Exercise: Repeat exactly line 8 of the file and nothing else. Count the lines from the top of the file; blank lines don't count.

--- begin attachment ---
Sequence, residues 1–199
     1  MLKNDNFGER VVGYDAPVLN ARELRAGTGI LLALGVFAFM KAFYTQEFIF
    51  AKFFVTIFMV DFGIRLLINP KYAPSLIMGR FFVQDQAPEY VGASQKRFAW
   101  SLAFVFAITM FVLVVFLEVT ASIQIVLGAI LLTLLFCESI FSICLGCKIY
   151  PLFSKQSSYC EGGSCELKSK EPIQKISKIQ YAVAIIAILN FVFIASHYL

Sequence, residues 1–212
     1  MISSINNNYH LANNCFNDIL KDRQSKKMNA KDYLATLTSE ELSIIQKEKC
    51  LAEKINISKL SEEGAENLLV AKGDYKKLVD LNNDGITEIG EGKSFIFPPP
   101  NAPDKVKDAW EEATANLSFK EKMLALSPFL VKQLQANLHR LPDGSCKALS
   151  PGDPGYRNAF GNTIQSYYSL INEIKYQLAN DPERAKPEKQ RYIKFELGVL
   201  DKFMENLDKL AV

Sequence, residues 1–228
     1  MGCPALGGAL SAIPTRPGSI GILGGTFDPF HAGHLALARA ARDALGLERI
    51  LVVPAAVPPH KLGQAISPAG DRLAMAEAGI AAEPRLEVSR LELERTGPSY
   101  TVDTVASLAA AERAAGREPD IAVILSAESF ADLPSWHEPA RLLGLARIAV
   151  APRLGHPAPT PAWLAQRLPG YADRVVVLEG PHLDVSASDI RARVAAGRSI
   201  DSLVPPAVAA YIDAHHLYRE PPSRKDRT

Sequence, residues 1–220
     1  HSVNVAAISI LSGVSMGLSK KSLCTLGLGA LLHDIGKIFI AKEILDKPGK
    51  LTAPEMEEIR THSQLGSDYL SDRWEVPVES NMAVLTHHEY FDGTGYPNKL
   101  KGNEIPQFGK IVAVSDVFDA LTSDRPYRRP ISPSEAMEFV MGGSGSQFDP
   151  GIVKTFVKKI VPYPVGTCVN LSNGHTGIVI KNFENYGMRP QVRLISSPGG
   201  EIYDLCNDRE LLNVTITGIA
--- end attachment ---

    51  LAEKINISKL SEEGAENLLV AKGDYKKLVD LNNDGITEIG EGKSFIFPPP